In November of 2018 I first told you about the Federal Trade Commission suing a Florida based company, Simple Health Plans LLC, its owner, Steven J. Dorfman and officers on charges that Simple Health Plans scammed unwary consumers out of more than a hundred million dollars through the sale of misrepresented insurance plans. The FTC obtained a temporary restraining order from a federal court in Florida shutting down the company while the litigation against it proceeded. The plans sold by Simple Health Plans were represented to be comprehensive health insurance plans that covered pre-existing conditions, prescription drugs, primary and specialty care treatment, inpatient and emergency hospital care, inpatient and emergency hospital care, surgical procedures, as well as medical and laboratory testing, however, the truth is that the plans were not even health insurance, but merely relatively worthless medical discount programs that effectively left consumers uninsured and facing large medical bills while charging as much as $500 per month for the plans. In many instances, the scammed consumers were lied to and told that the plans would cover their medical bills without any co payments or deductibles.  In order to make the plans look legitimate, Simple Health Plans falsely used logos of legitimate health insurance providers such as AARP and Blue Cross Blue Shield although they had no connection with these legitimate companies.  Now the FTC has settled its case against Candida Girouard who was the Chief Complaince Officer of Simple Health.  As a part of the settlement Ms. Girouard will cooperate with the FTC in its prosecution of the other defendants.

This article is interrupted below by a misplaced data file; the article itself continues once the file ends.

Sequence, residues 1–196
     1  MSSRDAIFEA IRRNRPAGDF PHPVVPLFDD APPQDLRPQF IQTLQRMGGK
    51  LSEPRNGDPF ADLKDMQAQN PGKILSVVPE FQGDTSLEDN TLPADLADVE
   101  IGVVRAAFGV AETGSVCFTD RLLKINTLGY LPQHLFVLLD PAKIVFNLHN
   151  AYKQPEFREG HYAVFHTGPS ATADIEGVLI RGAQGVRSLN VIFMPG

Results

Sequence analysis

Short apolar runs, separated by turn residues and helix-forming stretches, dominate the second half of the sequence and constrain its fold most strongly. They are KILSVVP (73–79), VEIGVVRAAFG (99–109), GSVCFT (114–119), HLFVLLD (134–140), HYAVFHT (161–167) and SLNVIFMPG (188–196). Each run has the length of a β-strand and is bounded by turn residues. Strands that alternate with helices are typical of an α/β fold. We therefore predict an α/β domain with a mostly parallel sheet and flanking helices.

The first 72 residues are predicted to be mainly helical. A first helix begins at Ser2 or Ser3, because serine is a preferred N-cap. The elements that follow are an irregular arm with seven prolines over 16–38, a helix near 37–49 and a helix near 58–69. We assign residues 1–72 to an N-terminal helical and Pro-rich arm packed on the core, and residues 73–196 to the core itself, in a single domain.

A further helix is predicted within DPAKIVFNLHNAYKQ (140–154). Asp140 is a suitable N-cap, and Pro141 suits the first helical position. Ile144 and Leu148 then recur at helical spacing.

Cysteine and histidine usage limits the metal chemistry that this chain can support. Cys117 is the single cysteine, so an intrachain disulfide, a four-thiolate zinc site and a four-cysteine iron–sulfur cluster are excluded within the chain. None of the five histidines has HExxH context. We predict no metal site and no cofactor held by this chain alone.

Choosing and purchasing medical insurance can be confusing and difficult. Before purchasing any policy from a company with which you are not familiar, you should check with your state insurance commissioner’s office to find out if the company is properly licensed and truly selling insurance. For this information you can go to or It also is helpful to do an online search using the company name and the words “scam” or “complaint.”

Here is a link to information about how to choose a medical plan.

Here is a link to an article that describes the detail between health insurance and medical discount plans.

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